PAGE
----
The Pyrador is a loyal, friendly dog that does well as a companion animal and just loves spending time with his family. While he’s great with older kids and other pets, he can make strange with new faces and display his concern through a deep bark that may seem threatening, but comes without aggression. He may also inherit the strong herding instinct of the Great Pyrenees (so warn your cat!) which means he can be highly protective of his family and fellow pets however it can’t be assumed he will feel the same about other kids and animals. Early socialization will help curb this trait and make him a great addition to any family.


Common Health Problems


Designer dogs are often bred specifically to bypass the health issues that plague their purebred parents, so your Pyrador will likely be quite healthy. That said it’s important to be aware of the health issues your new pup may have inherited from his parent breeds such as hip and elbow dysplasia that is common in both the Labrador retriever and the Great Pyrenees as well as bloat and digestive issues that can occur in deep-chested dogs. Great Pyrenees are also prone to cancers including osteosarcoma – a form of bone cancer – and reproductive cancers.


Life Expectancy


The Pyrador has a life expectancy of 10-12 years.


Exercise Requirement


As a large dog, the Pyrador will require regular, daily exercise to keep him physically and mentally stimulated and to prevent him from gaining weight as he ages – critical for big dogs that can experience mobility issues if allowed to pack on the pounds. Because he can be susceptible to bloat, don’t schedule exercise around meals. Though he will do well on long, leashed walks of at least an hour, owners may want to be cautious about taking him to a leash-free dog park as this breed has a tendency to roam and a strong hunting instinct may result in him chasing smaller animals. Best to test him a little to ensure he responds quickly to commands before setting him loose.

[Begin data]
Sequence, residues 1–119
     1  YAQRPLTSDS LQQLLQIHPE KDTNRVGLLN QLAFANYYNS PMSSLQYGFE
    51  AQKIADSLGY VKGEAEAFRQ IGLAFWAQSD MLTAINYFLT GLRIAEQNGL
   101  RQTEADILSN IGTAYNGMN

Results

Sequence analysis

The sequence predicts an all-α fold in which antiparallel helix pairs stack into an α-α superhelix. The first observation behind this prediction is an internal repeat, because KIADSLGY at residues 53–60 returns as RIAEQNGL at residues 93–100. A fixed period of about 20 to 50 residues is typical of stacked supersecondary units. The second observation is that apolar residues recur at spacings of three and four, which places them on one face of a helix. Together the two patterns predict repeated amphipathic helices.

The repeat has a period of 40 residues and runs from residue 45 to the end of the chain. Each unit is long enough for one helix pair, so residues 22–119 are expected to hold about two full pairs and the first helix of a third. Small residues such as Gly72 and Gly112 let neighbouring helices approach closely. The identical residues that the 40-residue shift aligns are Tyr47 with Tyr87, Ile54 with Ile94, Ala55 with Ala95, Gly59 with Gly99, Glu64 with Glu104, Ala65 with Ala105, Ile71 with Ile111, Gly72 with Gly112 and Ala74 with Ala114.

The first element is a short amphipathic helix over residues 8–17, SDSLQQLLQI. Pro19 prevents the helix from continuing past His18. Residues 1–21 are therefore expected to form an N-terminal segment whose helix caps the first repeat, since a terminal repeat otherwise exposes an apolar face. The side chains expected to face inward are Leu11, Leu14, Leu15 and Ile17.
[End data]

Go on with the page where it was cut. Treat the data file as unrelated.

The Pyrador will require regular, daily exercise to keep him physically and mentally stimulated.


Recognized Clubs


Also known as a Labrenees, the Pyrador is lacking purebred status which means he is not recognized by the AKC however is a member of the Dog Registry of America, Inc. (DRA).


Coat


The Pyrador’s long, thick double-coat requires daily brushing with a curry groomer to keep it in check and during shedding season, you can expect to brush this big boy twice daily to keep both his coat and your home looking their best! His fur has a dense, woolly texture and he may have the ruff or mane typical of a Great Pyrenees. Floppy ears mean weekly ear inspection and cleaning to avoid wax build-up and infection.


Puppies


Pyradors are large breed puppies and because of their rapid growth, owners need to heed their dietary needs. Don’t plan to free-feed him foods that are high-energy (calories) or high-calcium because it can result in orthopedic diseases common in larger, fast-growing dogs. Consult your vet for advice on the best diet for your puppy and remember that his need to chew is great at this age, so provide him with appropriate chew toys until his obedience training has been completed. Because he can be prone to bone and joint issues later in life, take it easy on the exercise while he is young. Never over-exert him as this type of injury can plague him as he ages.


Photo credit: Andriy Blokhin/Bigstock; Cherry-Merry/Bigstock; oscity/Bigstock

Mary Simpson
Mary Simpson